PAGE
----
The rip at Providence Portal
Let’s be honest, there’s no such thing as a secret spot. There are places you don’t tell people about, and there are places that don’t get much attention because they are hard to get to/on private property/a long way to walk. Last weekend I was at Providence on Lake Eucumbene, staying at Providence Lodge on a grey weekend with a group of 20 fly fishers from the Berrima Secret Club (the BS Club). Each day the group would split up into sub-groups of 2 or 3 and the discussion over breakfast was all about where the fishing was best, and where they were going. A few things became clear. First, there was a lot of lighthearted disinformation (lying) going on. Everyone was eavesdropping on everyone else, so misinformation was given freely. Being the good-hearted fellow I am, I was giving one chap genuine advice only to be shushed by another, presumably with designs on that particular locale.
They are a secretive group, no doubt, and I figured out that a lot of this is learnt behaviour. Why? Well you certainly can’t be found acting with hubris amongst this lot because there is a penalty, as there is for showing off, being flashy, or boasting. The penalty comes in the form of a ridiculous hat and yellow trousers – with the crutch cut out – that you have to wear for the next 24 hours (every secret society has its special apparel). I won the hat on Friday night for catching a fish in front of the lodge restaurant window when everyone else was sitting down for dinner. That was apparently too flashy with the added penalties of a) it being the only fish caught, and b) being late for dinner. Offences and award rules are the prerogative of the current hat-holder, apparently with the proviso they can be overridden by the executive committee if one of them happens to be in the cross-hairs. Taff, the BS Club Sergeant at Arms turned 65 on Saturday which added a deal of merriment to the occasion. I mention all this as a simple reminder that fishing with a group of mates is as much a part of fishing as fishing itself. The people, the place, and the piscatorial pursuit are all important parts of the mix.
Anyway, the secret places were all found by another Steve who hiked from pre-dawn to post dusk over 3 days for pretty much the whole of the river from Kiandra to Denison and found fish in numbers in any pool that was difficult to fish and/or difficult to access. He, naturally enough I suppose, was my successor in the hat award having innocently turned up late for dinner and being found guilty of the heinous crime of boasting double-figure catches.
The other secret spot for the weekend was Dixieland. I’ve been fishing with Terry and Geraldine for 2 years now, since first giving them casting lessons, and have put a lot of effort into getting Terry onto a fish. He would willingly confess to not always listening to what I imagine to be very clear instructions but he has great stamina and will, and I’d been surprised that he hadn’t caught a single fish to date whilst Geraldine has been steadily accumulating points. We fished Providence most of Saturday and whilst they did pretty much everything by the book Terry couldn’t take a trick – with Geraldine proving once again she was the only one who could catch fish. So on Sunday we decided to have a go at Dixie. We’d fished there before but had been stormed out by summer hail – this time we put the big boat in and fished the big lake. Anyway, long story short Terry caught three rainbows – a recent stocky and a brace of two year old fish. Geraldine’s quote “Finally, Terry succeeds. Many have tried, but as Steve says, perseverance pays off – including by the instructor”!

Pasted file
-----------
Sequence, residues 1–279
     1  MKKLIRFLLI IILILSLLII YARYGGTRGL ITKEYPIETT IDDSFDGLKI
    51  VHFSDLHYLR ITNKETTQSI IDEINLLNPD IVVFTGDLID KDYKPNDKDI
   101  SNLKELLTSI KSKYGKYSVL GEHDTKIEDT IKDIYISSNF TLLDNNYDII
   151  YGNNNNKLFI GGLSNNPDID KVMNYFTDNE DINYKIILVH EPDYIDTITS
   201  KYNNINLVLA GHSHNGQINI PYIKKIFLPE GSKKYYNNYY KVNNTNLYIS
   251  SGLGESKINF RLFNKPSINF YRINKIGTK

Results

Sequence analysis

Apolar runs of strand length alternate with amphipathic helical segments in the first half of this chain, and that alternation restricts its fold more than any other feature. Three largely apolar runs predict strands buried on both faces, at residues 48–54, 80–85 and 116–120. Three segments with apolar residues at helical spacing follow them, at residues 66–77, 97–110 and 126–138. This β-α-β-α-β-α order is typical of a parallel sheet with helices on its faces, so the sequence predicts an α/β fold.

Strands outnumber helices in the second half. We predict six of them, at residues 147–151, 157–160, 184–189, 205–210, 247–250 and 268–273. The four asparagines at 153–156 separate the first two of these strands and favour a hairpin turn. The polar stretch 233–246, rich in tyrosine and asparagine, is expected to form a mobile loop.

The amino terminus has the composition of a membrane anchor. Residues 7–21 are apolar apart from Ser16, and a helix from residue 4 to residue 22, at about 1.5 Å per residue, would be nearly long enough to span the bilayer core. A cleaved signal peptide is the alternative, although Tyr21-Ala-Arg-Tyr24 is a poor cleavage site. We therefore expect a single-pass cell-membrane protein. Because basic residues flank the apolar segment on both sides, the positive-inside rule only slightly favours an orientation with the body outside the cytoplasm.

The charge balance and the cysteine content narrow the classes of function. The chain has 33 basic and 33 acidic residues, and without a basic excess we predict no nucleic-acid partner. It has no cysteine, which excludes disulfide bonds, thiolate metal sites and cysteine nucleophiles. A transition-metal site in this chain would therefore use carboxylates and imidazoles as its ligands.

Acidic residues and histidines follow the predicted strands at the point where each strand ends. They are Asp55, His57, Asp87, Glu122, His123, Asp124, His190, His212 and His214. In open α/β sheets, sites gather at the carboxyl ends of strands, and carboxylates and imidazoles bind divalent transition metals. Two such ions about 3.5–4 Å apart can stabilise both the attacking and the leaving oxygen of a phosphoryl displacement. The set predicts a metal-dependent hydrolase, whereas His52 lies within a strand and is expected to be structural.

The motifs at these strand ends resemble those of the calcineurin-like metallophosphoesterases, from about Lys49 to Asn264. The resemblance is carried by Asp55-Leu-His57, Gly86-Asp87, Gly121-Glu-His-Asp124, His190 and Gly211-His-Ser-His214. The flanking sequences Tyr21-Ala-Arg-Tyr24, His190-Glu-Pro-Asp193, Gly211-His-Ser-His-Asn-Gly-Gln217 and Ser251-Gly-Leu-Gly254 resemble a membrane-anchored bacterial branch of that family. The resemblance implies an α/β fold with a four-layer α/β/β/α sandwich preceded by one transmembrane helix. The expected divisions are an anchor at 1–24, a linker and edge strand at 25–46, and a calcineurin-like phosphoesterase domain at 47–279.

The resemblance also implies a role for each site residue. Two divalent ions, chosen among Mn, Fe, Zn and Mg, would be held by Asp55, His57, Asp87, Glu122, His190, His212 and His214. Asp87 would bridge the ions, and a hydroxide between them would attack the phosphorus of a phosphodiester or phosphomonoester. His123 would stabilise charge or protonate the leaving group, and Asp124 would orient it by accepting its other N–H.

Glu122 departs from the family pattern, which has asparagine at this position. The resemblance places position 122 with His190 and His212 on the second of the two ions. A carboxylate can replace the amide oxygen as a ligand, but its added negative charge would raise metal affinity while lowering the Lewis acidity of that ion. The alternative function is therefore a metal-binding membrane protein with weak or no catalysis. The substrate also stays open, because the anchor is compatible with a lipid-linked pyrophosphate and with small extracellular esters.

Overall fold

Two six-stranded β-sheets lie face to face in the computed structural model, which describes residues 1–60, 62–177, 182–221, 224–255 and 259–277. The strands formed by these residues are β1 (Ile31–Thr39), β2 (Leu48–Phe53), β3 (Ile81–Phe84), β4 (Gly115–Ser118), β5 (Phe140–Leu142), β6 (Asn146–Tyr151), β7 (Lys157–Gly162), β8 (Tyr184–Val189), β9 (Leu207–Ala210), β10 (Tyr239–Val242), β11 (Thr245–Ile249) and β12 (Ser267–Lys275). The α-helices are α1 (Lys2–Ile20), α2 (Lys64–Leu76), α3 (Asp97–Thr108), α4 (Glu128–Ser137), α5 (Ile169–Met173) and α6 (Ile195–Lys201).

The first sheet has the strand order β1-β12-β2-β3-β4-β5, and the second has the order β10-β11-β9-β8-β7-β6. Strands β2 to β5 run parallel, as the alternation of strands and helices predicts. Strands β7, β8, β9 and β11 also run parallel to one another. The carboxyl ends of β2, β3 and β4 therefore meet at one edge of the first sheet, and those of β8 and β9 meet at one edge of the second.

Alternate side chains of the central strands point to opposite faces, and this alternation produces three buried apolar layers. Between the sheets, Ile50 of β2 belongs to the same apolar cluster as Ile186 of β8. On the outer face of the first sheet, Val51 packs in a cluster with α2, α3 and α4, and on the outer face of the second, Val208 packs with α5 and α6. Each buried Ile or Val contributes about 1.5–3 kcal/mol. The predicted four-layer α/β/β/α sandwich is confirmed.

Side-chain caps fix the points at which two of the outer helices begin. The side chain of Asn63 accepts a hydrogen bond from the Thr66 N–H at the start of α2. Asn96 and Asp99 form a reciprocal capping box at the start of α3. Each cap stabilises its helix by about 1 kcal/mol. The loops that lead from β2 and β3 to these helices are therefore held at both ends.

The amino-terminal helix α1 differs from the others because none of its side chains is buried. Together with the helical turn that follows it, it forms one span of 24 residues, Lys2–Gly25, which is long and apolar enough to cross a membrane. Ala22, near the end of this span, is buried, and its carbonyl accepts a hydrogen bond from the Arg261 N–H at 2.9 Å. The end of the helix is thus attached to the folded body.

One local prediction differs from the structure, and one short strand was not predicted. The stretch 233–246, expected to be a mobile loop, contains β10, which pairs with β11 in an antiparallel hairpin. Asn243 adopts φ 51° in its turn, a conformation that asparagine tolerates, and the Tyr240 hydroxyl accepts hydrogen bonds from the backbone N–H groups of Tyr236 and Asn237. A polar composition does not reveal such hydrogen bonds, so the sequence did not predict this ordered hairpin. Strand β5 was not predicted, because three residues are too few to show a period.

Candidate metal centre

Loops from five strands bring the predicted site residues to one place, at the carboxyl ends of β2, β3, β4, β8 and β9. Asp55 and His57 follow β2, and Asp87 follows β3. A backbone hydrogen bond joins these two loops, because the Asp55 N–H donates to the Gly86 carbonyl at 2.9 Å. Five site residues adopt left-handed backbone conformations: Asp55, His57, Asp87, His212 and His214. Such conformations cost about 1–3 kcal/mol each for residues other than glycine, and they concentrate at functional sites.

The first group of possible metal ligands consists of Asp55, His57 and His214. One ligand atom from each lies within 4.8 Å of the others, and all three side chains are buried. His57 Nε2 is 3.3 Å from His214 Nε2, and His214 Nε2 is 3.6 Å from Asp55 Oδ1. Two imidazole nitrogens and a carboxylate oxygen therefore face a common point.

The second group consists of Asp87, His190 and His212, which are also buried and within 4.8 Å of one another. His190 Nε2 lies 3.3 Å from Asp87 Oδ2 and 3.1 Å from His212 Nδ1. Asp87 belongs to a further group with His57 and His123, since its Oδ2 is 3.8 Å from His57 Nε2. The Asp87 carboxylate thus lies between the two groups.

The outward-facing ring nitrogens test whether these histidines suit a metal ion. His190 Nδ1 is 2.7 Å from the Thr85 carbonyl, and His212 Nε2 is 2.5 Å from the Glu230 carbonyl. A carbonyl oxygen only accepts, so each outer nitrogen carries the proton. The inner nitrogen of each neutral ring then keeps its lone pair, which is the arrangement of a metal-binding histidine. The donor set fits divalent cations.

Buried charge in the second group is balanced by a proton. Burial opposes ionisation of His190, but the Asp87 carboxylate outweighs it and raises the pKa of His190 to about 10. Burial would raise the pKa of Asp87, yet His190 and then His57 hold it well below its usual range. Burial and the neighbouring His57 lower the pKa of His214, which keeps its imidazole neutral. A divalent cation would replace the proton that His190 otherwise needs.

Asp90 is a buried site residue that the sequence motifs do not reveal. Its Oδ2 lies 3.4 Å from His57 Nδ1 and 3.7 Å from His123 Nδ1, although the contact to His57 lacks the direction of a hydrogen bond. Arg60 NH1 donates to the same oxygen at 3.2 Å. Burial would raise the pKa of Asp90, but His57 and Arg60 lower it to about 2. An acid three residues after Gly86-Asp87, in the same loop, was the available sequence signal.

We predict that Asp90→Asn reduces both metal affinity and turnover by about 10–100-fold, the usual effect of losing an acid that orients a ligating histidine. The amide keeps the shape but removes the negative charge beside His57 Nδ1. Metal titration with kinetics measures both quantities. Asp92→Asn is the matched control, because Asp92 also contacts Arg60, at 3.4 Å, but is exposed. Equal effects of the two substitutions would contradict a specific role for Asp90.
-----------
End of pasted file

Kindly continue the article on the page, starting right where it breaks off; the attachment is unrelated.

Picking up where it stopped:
Fishing reports from around the Snowy Mountains suggest things are generally slow, but with hard work paying off. Lake Eucumbene is patchy, but with some nice rainbows and mid-size browns. The Eucumbene River has fish if you’re prepared to go looking and they are still up for a Glo bug as the preferred fly. Tumut Ponds has plenty of small fish as usual and was very high last weekend. Jindabyne has been slow as well. One group of visiting Victorians reported mixed results, with “not many fish in the Thredbo”. The upper Murrumbidgee above Tantangara has had some attention, along with Tantangara Creek but the general view is the fish are still hanging around in the feeder creeks. Once the snowmelt eases they will drop back into the river. Mid November is the hot tip for this area. There are a few small hoppers already which might be a good sign for later on. The lower ‘bidgee is fishing well with good numbers of smaller fish – for sure there will be big fish amongst them so don’t automatically reach for the 6X or 7X tippet. Lake levels in Eucumbene and Jindabyne have been rising over fresh ground at 58% and 80% respectively, whilst the plug has been pulled on Tantangara at 19% down from 40% in October with the portal running flat out into Eucumbene – it shouldn’t drop much further.
Last bit of information is that the Snowies is hosting the Fly Fish Australia National Fly Fishing Championships during the last week of November with venues on the Murrumbidgee, at Buckenderra, and on Caddigat Lakes – LINK HERE
And anyone feeling happy? I can fix that. This “gulp” of 150 cormorants was flying over Anglers Reach on Saturday – no doubt looking for a yabby or two.
Tight Tippets all!
Steve (Snowy Lakes Fly Fishing Charters CLICK HERE)